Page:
Other Key Developments in 2015
Non-state actors such as Da’esh and Boko Haram continued to rank amongst the most egregious abusers of religious freedom in the world.
Da’esh continued to pursue a brutal strategy of what Secretary Kerry judged to constitute genocide against Yezidis, Christians, Shia, and other vulnerable groups in the territory it controlled, and was responsible for barbarous acts, including killings, torture, enslavement and trafficking, rape and other sexual abuse against religious and ethnic minorities and Sunnis in areas under its control. In areas not under Da’esh control, the group continued suicide bombings and vehicle-borne improvised explosive device attacks against Shia Muslims. In July, for example, the media reported a Da’esh suicide bomber attacked a crowded marketplace in Diyala, Iraq and killed 115 people. The victims were mostly Shia, who had gathered in the market for the end of the Islamic holy month of Ramadan.
Boko Haram, which pledged allegiance to Da’esh in an audiotaped message in March 2015, continued to launch indiscriminate, violent attacks targeting both Christians and Muslims who spoke out against or opposed their violent ideology. Boko Haram claimed responsibility for scores of attacks on churches and mosques, often killing worshippers during religious services or immediately afterward.
The Syrian government and its Shia militia allies killed, arrested, and physically abused Sunnis and members of religious minority groups, intentionally destroying their property, according to numerous reports. As the insurgency increasingly became identified with the Sunni majority, according to experts, the government targeted towns and neighborhoods in various parts of the country for siege, mortar shelling, and aerial bombardment on the basis of the religious affiliation of residents. The government reportedly targeted places of worship, resulting in damage and destruction of numerous churches and mosques. Non-state actors, including a number of groups designated as terrorist organizations by the United States, such as Da’esh (the Islamic State of Iraq and the Levant), and the Al-Nusra Front, targeted Shia, Alawites, Christians and other religious minorities, as well as other Sunnis. There were reports of sectarian violence due to tensions among religious groups, exacerbated by government actions, cultural rivalries, and sectarian rhetoric.
The result in the Levant, South Asia and northern Nigeria was continued mass migration of vulnerable communities out of areas controlled and threatened by violent extremism with a concordant loss in cultural richness and diversity.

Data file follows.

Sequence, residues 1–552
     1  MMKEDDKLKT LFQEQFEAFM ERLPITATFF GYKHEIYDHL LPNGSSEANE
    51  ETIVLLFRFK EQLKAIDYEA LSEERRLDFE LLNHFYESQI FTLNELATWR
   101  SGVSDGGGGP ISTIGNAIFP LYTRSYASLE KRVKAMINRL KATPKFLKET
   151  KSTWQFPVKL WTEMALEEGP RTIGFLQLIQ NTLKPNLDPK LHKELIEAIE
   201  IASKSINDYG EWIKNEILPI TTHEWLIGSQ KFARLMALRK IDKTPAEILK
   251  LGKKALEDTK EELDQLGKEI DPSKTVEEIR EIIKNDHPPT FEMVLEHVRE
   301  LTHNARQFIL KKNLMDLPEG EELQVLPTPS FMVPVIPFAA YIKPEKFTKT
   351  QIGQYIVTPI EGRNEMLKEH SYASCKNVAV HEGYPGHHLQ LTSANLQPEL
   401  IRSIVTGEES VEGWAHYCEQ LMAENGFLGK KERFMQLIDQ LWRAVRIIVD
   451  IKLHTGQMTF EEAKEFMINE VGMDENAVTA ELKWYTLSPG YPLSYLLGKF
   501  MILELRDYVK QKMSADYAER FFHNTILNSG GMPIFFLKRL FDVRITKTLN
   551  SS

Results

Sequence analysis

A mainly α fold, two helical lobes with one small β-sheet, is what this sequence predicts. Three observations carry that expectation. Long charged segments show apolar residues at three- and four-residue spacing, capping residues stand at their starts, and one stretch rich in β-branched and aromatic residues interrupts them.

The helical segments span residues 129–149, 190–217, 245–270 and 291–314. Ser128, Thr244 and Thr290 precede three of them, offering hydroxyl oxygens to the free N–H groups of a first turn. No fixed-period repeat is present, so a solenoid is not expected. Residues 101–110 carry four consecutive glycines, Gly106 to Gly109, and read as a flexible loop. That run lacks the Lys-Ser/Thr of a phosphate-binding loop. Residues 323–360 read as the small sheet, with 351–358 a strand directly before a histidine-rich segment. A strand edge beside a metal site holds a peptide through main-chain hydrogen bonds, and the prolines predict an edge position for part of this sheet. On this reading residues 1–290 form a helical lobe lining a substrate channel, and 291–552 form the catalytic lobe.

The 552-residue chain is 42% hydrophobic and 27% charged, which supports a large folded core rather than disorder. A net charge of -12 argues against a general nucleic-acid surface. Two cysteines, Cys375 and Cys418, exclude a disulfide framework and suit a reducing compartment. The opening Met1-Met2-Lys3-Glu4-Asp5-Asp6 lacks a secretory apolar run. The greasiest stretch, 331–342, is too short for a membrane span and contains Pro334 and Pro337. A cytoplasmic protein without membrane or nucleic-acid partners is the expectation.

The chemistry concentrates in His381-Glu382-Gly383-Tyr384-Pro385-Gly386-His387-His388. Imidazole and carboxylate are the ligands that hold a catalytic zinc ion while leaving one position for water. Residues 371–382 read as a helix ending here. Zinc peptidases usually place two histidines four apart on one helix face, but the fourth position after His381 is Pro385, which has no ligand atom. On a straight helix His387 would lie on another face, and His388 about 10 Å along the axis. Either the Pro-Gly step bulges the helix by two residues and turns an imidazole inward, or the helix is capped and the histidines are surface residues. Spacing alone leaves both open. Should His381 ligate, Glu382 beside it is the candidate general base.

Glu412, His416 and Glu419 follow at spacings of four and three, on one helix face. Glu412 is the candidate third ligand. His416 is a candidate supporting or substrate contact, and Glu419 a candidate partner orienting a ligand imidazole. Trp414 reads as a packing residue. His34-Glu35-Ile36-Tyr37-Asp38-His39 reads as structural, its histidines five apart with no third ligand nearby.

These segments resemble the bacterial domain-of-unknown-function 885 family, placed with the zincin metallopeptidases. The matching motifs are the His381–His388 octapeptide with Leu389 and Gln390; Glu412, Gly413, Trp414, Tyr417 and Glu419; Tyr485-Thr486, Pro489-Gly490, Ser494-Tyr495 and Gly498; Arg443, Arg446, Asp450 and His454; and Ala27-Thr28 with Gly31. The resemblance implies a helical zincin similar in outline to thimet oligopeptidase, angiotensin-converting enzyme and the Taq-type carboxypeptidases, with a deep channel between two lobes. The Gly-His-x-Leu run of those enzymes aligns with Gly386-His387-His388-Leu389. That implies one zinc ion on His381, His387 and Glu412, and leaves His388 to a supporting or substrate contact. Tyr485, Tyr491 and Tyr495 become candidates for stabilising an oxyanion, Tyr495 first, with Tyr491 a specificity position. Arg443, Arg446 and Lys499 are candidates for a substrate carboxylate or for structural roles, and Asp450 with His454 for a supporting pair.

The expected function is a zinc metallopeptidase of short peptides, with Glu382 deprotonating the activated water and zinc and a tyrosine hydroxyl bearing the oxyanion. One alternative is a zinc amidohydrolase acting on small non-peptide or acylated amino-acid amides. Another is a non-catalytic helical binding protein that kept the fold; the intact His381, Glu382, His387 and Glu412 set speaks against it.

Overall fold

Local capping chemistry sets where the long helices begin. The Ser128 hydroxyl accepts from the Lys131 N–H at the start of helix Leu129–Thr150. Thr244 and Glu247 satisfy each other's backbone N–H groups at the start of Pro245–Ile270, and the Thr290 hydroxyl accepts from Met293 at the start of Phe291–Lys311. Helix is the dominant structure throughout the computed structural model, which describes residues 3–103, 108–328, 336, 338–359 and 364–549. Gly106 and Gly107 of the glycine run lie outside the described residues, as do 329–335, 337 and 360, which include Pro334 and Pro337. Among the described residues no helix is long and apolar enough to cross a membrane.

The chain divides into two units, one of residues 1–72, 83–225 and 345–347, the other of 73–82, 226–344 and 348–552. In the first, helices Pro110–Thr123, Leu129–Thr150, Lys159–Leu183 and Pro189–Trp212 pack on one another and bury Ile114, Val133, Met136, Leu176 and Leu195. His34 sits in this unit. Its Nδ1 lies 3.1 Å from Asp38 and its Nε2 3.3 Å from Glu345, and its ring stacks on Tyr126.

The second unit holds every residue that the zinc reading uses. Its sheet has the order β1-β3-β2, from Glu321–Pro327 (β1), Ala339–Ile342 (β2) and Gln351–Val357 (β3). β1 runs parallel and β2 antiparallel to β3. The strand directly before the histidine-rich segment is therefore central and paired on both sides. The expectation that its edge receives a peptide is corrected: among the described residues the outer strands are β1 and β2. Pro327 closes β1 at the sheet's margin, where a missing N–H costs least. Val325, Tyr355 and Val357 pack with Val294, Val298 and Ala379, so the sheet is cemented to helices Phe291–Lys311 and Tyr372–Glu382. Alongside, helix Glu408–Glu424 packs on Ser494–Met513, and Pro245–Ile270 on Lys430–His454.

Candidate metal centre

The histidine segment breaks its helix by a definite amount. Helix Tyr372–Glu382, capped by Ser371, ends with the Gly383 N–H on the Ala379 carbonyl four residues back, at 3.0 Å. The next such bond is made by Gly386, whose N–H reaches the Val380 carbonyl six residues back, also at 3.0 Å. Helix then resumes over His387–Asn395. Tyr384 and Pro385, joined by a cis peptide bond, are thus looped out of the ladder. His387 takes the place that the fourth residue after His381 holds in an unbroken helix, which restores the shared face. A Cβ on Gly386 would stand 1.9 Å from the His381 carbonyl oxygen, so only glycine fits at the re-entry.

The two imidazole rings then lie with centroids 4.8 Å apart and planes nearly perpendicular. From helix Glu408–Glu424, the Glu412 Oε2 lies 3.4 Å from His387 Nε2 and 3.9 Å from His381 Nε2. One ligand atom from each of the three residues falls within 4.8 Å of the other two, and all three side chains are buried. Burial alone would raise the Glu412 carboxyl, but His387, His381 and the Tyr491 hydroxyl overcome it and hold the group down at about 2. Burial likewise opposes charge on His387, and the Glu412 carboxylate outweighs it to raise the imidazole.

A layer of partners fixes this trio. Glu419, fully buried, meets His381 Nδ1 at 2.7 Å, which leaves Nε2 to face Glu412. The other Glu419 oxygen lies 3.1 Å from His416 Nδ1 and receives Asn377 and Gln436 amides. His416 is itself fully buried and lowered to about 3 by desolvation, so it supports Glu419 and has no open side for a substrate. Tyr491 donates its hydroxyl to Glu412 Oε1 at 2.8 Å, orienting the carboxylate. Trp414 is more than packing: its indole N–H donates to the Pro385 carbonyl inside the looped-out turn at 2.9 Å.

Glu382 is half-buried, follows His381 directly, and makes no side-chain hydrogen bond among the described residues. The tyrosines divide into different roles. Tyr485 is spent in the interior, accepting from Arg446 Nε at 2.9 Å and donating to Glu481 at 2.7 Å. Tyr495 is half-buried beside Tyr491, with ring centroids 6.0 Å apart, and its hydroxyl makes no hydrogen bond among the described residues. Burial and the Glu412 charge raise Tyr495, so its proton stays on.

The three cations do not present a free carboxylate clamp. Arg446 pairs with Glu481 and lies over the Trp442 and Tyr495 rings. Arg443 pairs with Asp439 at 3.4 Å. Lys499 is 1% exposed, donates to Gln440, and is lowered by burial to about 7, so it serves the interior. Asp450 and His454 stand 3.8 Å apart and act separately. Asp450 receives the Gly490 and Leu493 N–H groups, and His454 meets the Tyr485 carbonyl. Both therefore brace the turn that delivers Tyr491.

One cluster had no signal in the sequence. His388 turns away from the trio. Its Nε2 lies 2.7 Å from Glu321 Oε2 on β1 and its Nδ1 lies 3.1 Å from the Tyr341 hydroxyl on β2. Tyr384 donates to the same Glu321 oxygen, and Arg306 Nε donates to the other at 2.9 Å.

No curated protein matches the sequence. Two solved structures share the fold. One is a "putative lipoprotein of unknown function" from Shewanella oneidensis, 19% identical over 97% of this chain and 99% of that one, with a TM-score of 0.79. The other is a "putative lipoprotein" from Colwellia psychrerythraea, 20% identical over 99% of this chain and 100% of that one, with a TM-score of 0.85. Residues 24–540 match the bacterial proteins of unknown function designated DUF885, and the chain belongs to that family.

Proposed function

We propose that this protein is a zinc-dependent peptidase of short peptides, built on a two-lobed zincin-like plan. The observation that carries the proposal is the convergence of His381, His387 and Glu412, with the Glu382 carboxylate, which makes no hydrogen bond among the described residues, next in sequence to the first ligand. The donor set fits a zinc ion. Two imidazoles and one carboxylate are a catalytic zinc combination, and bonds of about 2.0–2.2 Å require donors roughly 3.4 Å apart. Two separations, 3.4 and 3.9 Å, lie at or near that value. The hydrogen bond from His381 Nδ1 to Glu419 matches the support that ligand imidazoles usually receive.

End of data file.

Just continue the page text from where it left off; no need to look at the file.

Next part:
Around the world, governments continued to tighten their regulatory grip on religious groups, and particularly on minority religious groups and religions which are viewed as not traditional to that specific country. Researchers Roger Finke and Dane Mataic of Penn State University found that the number of countries that require some sort of registration has increased significantly over the last two decades, to nearly 90 percent of all countries. Finke and Mataic assess that, while some of these countries regulate religion in what appears to be a non-discriminatory way, many of the measures used to regulate religion, or to decide what is a valid and recognized religion and what is not, are clearly discriminatory. They also found that: the percentage of countries that required submission of religious doctrine for approval prior to registration increased from 13 to 18 percent during their period of research; that the percentage of countries that required a minimum number of religious community members increased from 17 to 32 percent, and that the percentage of countries that sometimes denied registration increased from 22 to 27 percent. Finke and Mataic found a strong link between increasing registration requirements and an overall deterioration in the status of religious freedom in many countries. They also found that members of minority religions, or religions that are new to a country, are disproportionately discriminated against by this increasing regulation of the religious space.